MICHIGAN has a more interesting statewide primary than usual Tuesday.
Republicans have a hot race for their nomination to the U.S. Senate, in which voters will choose between Oakland County Sheriff Mike Bouchard and the Rev. Keith Butler, who would be the first black GOP Senate candidate in state history. Hillsdale and Lenawee County voters will help decide one of the most closely watched congressional races in the nation, where U.S. Rep. Joe Schwarz is fighting a tough GOP primary challenge from former state legislator Tim Walberg.
And there will be contests in both parties for many legislative seats and local issues on ballots all over the state. Michigan, unlike Ohio, has no party registration, which means any voter can choose to vote in either primary without anybody knowing which he selects or who she votes for.
Additionally, this will also be the first election in which the entire state will vote using modern, optical-scanning technology - a system that sensibly preserves a paper trail. Other new equipment will make it easier than ever for people with any kind of disability to cast a secret ballot easily and in private. Yet sadly, we already know what most Michigan voters will do - fail to show up.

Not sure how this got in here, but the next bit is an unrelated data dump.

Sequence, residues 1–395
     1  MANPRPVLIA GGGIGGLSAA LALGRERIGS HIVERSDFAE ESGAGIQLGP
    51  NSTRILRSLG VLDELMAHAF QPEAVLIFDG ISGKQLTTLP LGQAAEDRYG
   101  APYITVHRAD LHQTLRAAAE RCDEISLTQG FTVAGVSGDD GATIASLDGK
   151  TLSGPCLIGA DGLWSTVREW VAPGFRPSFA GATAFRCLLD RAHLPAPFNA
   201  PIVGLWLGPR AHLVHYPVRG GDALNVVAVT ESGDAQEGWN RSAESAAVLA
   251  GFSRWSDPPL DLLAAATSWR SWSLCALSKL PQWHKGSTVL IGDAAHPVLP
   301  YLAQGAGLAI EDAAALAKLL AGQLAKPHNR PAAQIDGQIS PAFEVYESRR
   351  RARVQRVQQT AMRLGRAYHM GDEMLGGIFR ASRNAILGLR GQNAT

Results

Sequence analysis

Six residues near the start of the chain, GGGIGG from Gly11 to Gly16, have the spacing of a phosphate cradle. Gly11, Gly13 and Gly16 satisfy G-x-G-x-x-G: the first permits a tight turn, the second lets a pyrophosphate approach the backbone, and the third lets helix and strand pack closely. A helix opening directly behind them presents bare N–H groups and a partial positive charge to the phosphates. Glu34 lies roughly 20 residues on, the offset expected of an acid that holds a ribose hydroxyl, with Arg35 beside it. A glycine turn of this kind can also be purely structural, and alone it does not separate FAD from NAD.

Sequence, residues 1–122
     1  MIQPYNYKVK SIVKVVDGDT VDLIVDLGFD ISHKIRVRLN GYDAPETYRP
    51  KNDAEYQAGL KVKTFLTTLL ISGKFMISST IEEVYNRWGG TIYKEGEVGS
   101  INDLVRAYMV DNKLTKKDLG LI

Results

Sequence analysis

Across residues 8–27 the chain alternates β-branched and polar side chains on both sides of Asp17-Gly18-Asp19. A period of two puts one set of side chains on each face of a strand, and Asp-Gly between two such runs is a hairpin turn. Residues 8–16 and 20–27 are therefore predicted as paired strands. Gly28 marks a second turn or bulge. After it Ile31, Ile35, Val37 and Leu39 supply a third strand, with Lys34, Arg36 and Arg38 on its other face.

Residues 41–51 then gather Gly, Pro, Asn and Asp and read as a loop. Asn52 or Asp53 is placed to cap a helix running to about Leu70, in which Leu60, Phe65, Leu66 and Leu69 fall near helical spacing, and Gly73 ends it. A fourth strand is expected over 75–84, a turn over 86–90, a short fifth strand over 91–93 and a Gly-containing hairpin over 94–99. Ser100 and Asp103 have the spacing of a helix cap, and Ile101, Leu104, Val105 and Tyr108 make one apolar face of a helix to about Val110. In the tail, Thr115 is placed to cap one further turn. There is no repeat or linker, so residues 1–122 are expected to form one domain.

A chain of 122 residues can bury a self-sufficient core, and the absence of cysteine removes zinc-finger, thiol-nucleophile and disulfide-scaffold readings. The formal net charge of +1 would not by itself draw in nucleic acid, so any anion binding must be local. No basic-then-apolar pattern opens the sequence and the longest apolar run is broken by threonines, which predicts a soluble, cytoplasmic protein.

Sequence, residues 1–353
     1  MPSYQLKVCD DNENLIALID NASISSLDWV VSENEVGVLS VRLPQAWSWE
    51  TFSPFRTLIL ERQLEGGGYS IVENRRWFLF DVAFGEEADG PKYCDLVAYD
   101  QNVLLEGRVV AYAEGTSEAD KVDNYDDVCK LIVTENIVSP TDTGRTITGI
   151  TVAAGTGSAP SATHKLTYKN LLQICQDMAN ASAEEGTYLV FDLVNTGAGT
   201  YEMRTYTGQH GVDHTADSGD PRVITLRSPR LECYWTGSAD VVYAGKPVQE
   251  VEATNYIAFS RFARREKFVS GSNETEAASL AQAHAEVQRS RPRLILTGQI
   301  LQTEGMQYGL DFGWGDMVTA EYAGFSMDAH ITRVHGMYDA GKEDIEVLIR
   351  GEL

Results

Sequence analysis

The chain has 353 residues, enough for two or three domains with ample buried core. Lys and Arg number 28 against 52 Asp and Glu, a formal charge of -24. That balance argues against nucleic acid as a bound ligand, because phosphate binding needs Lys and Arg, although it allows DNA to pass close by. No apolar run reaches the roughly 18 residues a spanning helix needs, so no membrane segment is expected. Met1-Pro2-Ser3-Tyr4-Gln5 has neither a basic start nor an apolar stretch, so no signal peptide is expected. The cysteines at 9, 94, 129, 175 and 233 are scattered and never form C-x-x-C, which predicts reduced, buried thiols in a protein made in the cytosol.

Chris Thomas, Michigan's longtime elections director, predicts that less than one-quarter of those eligible will cast a ballot Tuesday, which is a shame. That's especially true because in most races, gerrymandering has ensured that districts are safe for one party, making the primary the more important election.
Actually, such a low turnout is more than a shame. It is a disgrace, both to democracy and the memory of Viola Liuzzo, a Detroit housewife who in 1965 was murdered by the Ku Klux Klan for trying to help blacks in Alabama register to vote. She died for the right to cast a ballot.
How ironic it is that, four decades later, people in her home state too often can't be bothered.
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